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The Mystical as Political
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Theosis, or the principle of divine-human communion, sparks the theological imagination of Orthodox Christians and has been historically important to questions of political theology. In The Mystical as Political: Democracy and Non-Radical Orthodoxy, Aristotle Papanikolaou argues that a political theology grounded in the principle of divine-human communion must be one that unequivocally endorses a political community that is democratic in a way that structures itself around the modern liberal principles of freedom of religion, the protection of human rights, and church-state separation. Papanikolaou hopes to forge a non-radical Orthodox political theology that extends beyond a reflexive opposition to the West and a nostalgic return to a Byzantine-like unified political-religious culture. His exploration is prompted by two trends: the fall of communism in traditionally Orthodox countries has revealed an unpreparedness on the part of Orthodox Christianity to address the question of political theology in a way that is consistent with its core axiom of theosis; and recent Christian political theology, some of it evoking the notion of “deification,” has been critical of liberal democracy, implying a mutual incompatibility between a Christian worldview and that of modern liberal democracy. The first comprehensive treatment from an Orthodox theological perspective of the issue of the compatibility between Orthodoxy and liberal democracy, Papanikolaou’s is an affirmation that Orthodox support for liberal forms of democracy is justified within the framework of Orthodox understandings of God and the human person. His overtly theological approach shows that the basic principles of liberal democracy are not tied exclusively to the language and categories of Enlightenment philosophy and, so, are not inherently secular.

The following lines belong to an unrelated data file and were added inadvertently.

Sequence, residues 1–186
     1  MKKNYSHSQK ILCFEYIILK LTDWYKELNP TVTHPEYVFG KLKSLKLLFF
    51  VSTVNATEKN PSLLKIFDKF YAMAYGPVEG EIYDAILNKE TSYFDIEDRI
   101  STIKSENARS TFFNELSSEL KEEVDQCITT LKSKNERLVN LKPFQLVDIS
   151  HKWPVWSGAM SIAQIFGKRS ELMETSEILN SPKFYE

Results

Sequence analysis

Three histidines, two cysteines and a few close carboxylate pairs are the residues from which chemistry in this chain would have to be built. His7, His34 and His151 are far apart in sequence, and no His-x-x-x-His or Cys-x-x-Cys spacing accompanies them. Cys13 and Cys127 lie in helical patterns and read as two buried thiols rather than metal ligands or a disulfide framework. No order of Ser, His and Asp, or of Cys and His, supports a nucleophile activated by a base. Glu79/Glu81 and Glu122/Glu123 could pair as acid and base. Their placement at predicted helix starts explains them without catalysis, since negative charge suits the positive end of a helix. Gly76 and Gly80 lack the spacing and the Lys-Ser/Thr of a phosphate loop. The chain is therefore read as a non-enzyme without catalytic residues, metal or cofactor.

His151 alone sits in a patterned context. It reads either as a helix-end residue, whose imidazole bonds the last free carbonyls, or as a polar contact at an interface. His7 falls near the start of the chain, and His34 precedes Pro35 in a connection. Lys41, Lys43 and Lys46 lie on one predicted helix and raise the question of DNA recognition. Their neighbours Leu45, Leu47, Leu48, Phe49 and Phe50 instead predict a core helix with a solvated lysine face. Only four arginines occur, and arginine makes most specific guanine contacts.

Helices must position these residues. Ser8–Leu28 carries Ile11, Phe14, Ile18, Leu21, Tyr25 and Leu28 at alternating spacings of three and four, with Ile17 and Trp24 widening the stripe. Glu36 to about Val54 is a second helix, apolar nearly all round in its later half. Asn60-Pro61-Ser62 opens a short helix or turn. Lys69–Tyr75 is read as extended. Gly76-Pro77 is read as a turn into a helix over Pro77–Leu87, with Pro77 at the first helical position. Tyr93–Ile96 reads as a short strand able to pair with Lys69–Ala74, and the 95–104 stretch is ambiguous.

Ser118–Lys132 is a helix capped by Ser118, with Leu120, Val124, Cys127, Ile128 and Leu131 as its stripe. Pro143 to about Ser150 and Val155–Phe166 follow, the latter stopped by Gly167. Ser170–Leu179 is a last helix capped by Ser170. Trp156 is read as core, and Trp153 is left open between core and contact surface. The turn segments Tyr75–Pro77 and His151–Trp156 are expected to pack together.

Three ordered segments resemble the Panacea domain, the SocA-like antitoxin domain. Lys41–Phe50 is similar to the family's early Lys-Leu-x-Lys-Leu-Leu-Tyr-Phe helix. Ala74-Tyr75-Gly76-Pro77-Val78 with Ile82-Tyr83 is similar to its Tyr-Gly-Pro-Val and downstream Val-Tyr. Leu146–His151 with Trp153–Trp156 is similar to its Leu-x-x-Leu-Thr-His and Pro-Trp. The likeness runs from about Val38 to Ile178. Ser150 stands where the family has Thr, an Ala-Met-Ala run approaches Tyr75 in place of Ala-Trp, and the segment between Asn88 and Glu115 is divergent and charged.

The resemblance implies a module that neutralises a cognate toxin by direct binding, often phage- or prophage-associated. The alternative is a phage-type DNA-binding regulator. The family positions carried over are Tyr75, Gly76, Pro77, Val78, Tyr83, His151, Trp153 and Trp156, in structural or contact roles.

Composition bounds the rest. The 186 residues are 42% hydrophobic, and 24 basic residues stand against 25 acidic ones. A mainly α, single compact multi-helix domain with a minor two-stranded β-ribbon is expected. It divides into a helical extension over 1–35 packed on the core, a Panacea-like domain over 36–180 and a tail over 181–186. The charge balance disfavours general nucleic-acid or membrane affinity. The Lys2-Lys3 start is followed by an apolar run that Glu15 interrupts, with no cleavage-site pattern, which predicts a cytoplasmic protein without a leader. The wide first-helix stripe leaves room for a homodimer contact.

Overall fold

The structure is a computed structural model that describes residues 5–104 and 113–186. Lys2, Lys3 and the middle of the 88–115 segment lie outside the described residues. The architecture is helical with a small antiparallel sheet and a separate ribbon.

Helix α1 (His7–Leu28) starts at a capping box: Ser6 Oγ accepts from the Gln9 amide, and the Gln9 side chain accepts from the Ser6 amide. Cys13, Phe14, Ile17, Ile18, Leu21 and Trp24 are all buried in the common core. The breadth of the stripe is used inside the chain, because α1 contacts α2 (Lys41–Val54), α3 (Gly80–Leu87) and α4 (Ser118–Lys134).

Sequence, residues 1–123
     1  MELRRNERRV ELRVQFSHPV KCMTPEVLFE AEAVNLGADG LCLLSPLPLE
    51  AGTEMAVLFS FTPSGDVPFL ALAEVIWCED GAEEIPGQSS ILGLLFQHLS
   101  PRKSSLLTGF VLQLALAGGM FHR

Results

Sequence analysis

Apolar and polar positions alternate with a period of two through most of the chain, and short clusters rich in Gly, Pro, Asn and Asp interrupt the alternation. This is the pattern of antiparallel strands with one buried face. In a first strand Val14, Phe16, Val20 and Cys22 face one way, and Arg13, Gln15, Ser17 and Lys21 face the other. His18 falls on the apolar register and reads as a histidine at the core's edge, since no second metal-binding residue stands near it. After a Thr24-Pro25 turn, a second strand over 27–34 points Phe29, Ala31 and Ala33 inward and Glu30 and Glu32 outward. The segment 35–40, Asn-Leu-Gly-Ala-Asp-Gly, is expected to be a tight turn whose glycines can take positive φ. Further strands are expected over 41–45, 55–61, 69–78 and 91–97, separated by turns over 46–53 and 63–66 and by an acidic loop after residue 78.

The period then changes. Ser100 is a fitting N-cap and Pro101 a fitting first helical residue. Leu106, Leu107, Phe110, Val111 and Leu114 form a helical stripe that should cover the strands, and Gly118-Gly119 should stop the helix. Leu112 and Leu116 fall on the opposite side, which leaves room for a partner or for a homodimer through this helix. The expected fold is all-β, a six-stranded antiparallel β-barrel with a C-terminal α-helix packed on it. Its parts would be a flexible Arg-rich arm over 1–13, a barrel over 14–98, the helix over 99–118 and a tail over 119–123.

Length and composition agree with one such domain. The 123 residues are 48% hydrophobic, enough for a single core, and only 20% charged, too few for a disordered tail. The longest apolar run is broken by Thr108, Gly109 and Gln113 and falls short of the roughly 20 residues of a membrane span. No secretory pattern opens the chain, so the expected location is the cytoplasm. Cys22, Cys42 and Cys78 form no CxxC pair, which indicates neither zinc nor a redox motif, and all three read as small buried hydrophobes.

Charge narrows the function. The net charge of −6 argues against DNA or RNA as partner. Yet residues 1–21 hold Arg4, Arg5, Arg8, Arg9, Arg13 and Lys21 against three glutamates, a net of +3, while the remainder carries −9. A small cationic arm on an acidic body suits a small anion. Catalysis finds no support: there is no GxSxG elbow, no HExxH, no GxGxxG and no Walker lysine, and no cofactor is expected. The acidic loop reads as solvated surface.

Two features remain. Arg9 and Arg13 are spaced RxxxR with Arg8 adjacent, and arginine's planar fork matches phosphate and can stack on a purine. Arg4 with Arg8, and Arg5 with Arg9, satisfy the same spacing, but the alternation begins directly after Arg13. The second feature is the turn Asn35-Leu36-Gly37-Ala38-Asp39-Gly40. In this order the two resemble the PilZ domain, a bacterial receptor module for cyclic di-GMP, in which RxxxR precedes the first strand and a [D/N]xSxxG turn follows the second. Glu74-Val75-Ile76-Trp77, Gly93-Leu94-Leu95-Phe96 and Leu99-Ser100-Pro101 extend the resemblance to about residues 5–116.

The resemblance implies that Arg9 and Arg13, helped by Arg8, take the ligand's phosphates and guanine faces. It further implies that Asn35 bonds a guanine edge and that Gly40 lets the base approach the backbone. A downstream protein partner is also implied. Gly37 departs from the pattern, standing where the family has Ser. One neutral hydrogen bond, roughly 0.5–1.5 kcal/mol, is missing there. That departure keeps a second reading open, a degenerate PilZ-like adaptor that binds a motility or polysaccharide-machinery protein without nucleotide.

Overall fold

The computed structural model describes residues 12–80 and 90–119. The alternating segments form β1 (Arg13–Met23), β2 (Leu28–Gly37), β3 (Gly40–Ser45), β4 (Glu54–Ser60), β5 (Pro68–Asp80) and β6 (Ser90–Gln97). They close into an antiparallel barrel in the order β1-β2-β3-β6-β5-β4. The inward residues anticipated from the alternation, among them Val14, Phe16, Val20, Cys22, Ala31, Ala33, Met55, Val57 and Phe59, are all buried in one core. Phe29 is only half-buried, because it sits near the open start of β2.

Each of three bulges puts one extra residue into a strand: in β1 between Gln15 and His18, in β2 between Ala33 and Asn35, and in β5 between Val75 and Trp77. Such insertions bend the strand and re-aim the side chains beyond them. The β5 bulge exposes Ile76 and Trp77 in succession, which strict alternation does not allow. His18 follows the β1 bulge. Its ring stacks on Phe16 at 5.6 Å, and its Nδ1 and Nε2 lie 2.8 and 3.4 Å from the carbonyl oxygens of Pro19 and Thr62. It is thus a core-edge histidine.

Table of Contents

  1. Cover
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  1. Title Page, Copyright Page
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  1. Contents
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  1. Acknowledgments
  2. pp. ix-x
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  1. Introduction
  2. pp. 1-12
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  1. 1. Orthodox Political Theology through the Centuries
  2. pp. 13-54
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  1. 2. Eucharist or Democracy?
  2. pp. 55-86
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  1. 3. Personhood and Human Rights
  2. pp. 87-130
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  1. 4. Divine-Human Communion and the Common Good
  2. pp. 131-161
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  1. 5. Truth-Telling, Political Forgiveness, and Free Speech
  2. pp. 163-194
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  1. Conclusion
  2. pp. 195-200
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  1. Notes
  2. pp. 201-226
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  1. Index
  2. pp. 227-238
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